Iraq, US find new stability in talks after tensions

by Maya Gebeily
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US troops were deployed in Iraq from 2014 to head a military coalition fighting the Islamic State jihadist group

After months of tensions, Baghdad and Washington found a fresh stability in their ties Thursday as they held strategic talks Thursday under a new, US-friendly Iraqi premier.

Due to coronavirus travel restrictions, top-level talks expected to take place in Baghdad were demoted to a brief online kick-off session, as Iraq faces a spike in cases as well as a looming financial crisis.

That tempered expectations for the first strategic dialogue between Iraq and the US in a decade, which came five months after Iraqi lawmakers demanded that US troops leave.

David Schenker, the top US diplomat for the Middle East, said that a withdrawal of US forces did not even come up in the initial discussions.

Instead, he said that Iraq promised to protect US military and diplomatic facilities -- which have come under fire from pro-Iranian forces -- and that Washington assured an economic lifeline.

"We will support the new government through the international financial institutions to help it meet the challenge of COVID-19 and declining oil revenues," Schenker told reporters.

Tensions skyrocketed following a US strike on Baghdad in January that killed Iranian general Qasem Soleimani and Iraqi commander Abu Mahdi al-Muhandis.

Washington threatened crippling sanctions if obliged to withdraw troops and, according to US military sources, began planning a vast bombing spree against groups blamed for the rockets.

But the tensions have calmed substantially since Mustafa Kadhemi -- an ex-spy chief with close ties to the US and its allies in the region -- took the reins as Iraq's premier in May.

"The entire US-Iraq bilateral relationship will not be fixed in a single day," said Robert Ford, an analyst at the Middle East Institute and a US diplomat in Baghdad during the last round of strategic talks in 2008, which ironed out the US drawdown from the occupation that began after the 2003 invasion to topple Saddam Hussein.

"But for once, we seem to have the right people in the right place at the right time," he said.

- New confidence -

Two Iraqi officials said Kadhemi has been invited to the White House this year, a diplomatic olive branch his predecessor Adel Abdel Mahdi had never received.

"There was a lack of confidence in the relationship with the previous government, and we're not there anymore," one of the officials said.

Further sessions of the dialogue cold provide guidance for US-led troops, who returned in 2014 to head a military coalition fighting the Islamic State group.

"Whatever comes out of the dialogue is going to set the future of our strategic relationship," a top American official from the coalition told AFP.

"Am I still going to fly surveillance drones or not? Do you still want our intelligence?" he added.

The coalition has already consolidated to just three bases in recent months, down from a dozen.

A dramatic or sudden drop could hamper the coalition's efforts to back an Iraqi fightback against IS sleeper cells, which have escalated attacks in recent weeks.

Other coalition countries are watching from the sidelines, with no formal role in the negotiations.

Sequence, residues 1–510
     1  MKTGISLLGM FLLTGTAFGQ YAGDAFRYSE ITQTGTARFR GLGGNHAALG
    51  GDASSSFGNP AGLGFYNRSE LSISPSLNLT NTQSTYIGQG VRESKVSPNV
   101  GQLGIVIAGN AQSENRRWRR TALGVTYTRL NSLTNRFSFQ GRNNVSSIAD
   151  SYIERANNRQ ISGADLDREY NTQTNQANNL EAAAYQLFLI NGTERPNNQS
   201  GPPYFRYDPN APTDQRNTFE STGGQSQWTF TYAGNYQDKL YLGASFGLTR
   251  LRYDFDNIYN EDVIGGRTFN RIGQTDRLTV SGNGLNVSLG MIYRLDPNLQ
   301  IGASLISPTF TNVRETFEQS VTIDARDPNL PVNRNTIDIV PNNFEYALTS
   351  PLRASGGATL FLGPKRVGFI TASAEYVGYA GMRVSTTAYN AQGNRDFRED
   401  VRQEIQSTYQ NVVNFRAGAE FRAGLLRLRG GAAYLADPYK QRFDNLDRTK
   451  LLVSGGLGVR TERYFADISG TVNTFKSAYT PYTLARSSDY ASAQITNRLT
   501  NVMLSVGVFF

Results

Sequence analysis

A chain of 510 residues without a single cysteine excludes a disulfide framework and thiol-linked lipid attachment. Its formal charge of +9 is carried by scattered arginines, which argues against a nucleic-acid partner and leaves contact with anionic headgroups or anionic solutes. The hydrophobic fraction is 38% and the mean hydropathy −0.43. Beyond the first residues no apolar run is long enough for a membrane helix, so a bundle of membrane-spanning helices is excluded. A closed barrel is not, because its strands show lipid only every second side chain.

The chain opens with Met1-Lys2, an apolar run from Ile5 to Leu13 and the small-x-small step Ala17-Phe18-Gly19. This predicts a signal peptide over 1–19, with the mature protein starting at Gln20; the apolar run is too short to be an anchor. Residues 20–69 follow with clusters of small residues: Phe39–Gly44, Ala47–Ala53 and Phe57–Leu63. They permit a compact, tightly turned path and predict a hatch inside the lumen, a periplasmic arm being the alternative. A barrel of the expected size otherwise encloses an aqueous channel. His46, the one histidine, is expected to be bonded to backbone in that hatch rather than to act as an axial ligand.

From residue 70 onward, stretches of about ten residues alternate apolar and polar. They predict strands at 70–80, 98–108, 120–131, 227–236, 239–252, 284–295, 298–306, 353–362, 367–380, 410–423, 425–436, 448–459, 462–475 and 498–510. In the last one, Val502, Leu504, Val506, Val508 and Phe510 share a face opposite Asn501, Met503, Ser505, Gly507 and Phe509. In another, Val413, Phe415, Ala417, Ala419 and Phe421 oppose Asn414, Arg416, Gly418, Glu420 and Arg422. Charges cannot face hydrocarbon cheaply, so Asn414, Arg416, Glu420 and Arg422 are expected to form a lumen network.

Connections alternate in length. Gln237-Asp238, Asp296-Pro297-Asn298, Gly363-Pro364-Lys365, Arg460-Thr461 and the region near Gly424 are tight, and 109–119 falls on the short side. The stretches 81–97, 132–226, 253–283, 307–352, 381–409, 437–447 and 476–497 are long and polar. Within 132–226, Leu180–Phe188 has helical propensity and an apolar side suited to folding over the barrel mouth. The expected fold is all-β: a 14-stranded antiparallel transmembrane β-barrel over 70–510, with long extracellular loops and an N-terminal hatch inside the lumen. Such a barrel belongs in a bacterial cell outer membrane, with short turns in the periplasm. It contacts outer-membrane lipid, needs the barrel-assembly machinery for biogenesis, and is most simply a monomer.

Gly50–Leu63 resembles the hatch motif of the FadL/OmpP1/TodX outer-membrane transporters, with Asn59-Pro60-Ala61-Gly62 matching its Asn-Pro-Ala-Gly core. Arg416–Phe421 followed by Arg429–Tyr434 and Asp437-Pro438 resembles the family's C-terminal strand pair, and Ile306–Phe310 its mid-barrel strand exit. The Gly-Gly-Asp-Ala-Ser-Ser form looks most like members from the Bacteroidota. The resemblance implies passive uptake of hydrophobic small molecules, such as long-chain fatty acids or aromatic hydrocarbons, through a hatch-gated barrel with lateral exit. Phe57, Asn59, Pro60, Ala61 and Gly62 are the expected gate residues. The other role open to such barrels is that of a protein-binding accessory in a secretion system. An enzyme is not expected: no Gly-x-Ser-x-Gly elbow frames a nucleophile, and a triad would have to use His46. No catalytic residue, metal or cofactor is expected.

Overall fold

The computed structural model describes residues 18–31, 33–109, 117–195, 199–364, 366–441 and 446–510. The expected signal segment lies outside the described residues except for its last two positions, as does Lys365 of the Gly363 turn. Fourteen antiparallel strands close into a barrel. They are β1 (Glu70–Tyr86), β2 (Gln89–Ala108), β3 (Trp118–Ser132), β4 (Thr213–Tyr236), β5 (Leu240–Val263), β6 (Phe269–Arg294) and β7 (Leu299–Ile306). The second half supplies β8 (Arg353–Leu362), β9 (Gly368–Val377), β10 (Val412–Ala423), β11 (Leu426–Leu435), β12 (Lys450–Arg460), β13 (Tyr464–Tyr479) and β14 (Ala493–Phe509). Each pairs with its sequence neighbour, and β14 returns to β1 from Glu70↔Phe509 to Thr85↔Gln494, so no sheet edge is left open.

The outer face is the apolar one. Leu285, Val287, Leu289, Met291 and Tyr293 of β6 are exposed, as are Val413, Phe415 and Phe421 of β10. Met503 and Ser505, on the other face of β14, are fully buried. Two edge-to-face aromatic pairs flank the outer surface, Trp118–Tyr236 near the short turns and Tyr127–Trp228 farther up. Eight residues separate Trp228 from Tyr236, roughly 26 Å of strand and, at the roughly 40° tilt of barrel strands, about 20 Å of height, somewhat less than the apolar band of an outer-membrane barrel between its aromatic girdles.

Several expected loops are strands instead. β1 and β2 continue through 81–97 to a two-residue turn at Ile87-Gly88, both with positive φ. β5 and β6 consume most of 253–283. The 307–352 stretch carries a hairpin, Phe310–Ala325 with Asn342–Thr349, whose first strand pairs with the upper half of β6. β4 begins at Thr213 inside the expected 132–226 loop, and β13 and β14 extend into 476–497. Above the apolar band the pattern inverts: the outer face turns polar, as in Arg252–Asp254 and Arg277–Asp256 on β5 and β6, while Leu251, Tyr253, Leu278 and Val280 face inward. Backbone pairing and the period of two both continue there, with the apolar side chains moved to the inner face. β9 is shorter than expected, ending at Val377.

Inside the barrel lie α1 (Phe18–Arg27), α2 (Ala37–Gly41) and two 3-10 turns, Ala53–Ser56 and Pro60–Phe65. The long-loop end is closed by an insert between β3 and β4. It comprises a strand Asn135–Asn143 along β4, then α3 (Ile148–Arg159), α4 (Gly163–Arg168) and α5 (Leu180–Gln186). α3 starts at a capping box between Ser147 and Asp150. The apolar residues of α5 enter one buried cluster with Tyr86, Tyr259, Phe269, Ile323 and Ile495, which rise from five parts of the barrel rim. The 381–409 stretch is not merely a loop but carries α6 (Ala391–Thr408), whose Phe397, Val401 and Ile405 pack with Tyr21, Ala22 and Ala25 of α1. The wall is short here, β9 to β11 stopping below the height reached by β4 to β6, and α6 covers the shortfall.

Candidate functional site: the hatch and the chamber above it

"The ability of non-US members of the coalition to be in Iraq depends on whether the US can stay. We're tied down by this dialogue, too," a Western diplomat told AFP.

Iran and its allies in Iraq, which have vowed to oust US troops, are also keeping a close eye on the talks.

Many reiterated calls for foreign forces to leave, with the spokesman for the pro-Iran Fatah bloc, Ahmad al-Assadi, insisting on a six-month deadline for their departure.

On Monday and Wednesday, two rockets hit near Baghdad airport and the American Embassy, after weeks of calm.

But the rhetoric was more tempered than usual, with even the hardline Kataeb Hezbollah saying it would take a formal stance on the talks only after the first session.

"These groups are retrenching, which gives Kadhemi some space with the Americans," said Ford.

- The economy, stupid -

Iraq's economy relies almost exclusively on oil exports, with faltering prices and low demand drastically shrinking the government's ability to pay wages, pensions and welfare to eight million Iraqis.

A US waiver protecting Iraq from American sanctions as it imports gas from neighbouring Iran for its dilapidated power sector is due to expire in late September.

Schenker said the United States would consider injecting cash into Iraq's universities.

The talks are also geared to produce long-term support, like infrastructure upgrades using American energy companies.

But Iraq needs an immediate crutch.

"The US won't provide all kinds of cash. They can just offer not to apply sanctions," said Ford.

"That doesn't fix Kadhemi's single biggest problem," he said -- a lack of hard cash.

US troops deployed in Iraq from 2014 to head a military coalition fighting the Islamic State jihadist group

The US-led coalition has already consolidated to just three bases in Iraq in recent months, down from a dozen, and the talks would likely bring a further drawdown

The killing of Iraqi paramilitary chief Abu Mahdi al-Muhandis --alongside top Iranian general Qasem Soleimani -- in January by a US drone strike brought Washington and Tehran to the brink of war, and triggered a storm of protest in Iraq

Destruction at Karbala airport in the Iraqi shrine city after it was targeted by US military air strikes against a pro-Iranian group in Iraq in mid-March following the deaths of two Americans and a Briton in a rocket attack on a US base